Celebrating the American juvenile court system
When 1968 Olympic Gold-medalist and record-breaking long-jumper Bob Beamon was only 9, he first began getting in trouble with the law. When Justice Department official and former marine Ron Laney was 17, he had so many arrests, he was almost tried as an adult. San Francisco District Attorney Terence Hallinan got into so much trouble as a kid he was banished from his home county at age 17.
Aside from their youthful problems and adult successes, Beamon, Laney, and Hallinan have something else in common - they all benefited from the treatment and protection of the juvenile court.
America's juvenile court system turns 100 this summer. In the late 1800s, a group of Chicago women, led by Jane Addams and Lucy Flower, were appalled by conditions in adult jails, where they found children as young as 8 alongside adults. They successfully advocated for the creation of the first juvenile court in the world.
The court was part of a series of century-shaping reforms inspired by the work of the Chicago reformers, including compulsory universal education, child labor laws, and the development of parks and recreation spaces for children. The court's founders believed childhood to be a sacred time during which young people needed to learn from, but not be crushed by, their mistakes. The court was built on the foundation of rehabilitation; it separated juveniles from adult offenders; and its proceedings were confidential so that youthful indiscretions would not ruin young lives.
The concept was wildly successful and is arguably America's most widely replicated justice system reform. By 1925, 46 states and the District of Columbia, along with 16 countries, had established separate courts for children where none existed before.
Ironically, as the court celebrates its centennial and the vision of its founders, Rep. Bill McCollum, (R) of Florida, would end it. His controversial bill, which recently passed the House, allows 13-year-olds to be jailed with adults, gives prosecutors non-reviewable discretion to try juveniles as adults, and erodes the confidentiality rights of young people. Last year, more than 17,000 juveniles were imprisoned in adult prisons - 3,500 of them general population with adults.
Would Bob Beamon have brought home the gold if he was sent to an adult prison instead of an alternative school? Would Ron Laney who, as a marine fought and was wounded in Vietnam, have been able to serve his country if he'd been tried and convicted as an adult? Would Terence Hallinan have gone to law school and on to help reduce San Francisco's juvenile crime rate by 27 percent through a combination of new programs and prosecution if McCollum's bill were law when he was a teen?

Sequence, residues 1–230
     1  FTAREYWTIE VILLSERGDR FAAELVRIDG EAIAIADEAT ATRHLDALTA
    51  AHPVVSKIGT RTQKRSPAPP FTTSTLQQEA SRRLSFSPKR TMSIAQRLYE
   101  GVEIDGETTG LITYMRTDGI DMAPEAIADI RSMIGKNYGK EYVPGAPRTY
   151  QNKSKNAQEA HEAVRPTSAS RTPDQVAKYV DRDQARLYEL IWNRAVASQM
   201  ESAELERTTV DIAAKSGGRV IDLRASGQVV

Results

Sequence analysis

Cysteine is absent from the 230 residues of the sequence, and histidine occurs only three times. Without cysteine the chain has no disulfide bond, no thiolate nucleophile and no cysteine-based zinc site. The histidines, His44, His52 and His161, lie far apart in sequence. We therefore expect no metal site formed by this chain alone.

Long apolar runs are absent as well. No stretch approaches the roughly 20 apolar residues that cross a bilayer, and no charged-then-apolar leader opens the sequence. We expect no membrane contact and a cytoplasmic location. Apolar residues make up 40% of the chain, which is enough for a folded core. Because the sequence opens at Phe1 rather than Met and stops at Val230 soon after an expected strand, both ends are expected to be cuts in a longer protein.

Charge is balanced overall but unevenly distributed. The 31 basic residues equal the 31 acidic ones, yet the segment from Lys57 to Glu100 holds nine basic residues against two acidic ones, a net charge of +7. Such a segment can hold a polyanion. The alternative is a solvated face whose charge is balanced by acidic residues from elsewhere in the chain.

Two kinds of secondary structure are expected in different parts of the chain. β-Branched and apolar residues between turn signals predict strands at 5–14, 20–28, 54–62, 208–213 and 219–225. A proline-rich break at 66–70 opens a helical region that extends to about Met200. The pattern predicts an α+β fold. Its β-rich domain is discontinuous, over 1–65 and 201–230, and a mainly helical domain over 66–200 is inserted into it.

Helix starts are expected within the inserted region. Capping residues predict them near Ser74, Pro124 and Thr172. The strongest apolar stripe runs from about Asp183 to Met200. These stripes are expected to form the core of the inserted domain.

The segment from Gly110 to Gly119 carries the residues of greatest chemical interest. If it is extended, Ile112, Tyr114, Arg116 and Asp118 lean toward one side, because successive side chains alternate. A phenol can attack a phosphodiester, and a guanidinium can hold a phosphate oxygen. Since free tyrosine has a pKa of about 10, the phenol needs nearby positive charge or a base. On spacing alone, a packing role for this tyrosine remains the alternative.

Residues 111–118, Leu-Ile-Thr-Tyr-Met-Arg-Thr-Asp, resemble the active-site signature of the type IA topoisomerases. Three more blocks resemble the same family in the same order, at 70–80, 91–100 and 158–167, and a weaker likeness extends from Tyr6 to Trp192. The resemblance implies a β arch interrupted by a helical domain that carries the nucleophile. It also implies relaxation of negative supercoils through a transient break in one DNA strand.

Common sense and hard data tell us that, as imperfect as the juvenile court system is, it is a whole lot better than the adult system. When we sentence youths as adults, as McCollum would have us do, they get re-arrested more frequently, more quickly and for more serious offenses than similar youth retained in the juvenile justice system. When kids are locked up with adults, they are sexually assaulted five times more frequently and commit suicide eight times more frequently than youth detained in juvenile facilities.
Addams and Flower were right and McCollum is wrong. Their 100-year-old experiment has as much relevance to young people today as it did then.
As Congress contemplates reverting to a 19th-century system of juvenile justice, it should expect no better results than Addams and Flower found 100 years ago. Instead, today's Beamons, Laneys, and Hallinans deserve the same chance to turn their lives around as the young people of previous generations, through a strengthened juvenile court, with the kind of resources it needs to work with today's young people. That's a 20th-century reform that would be worth supporting.
*Vincent Schiraldi is director of the Washington, D.C.-based Justice Policy Institute, which published his book, 'Second Chances.'
(c) Copyright 1999. The Christian Science Publishing Society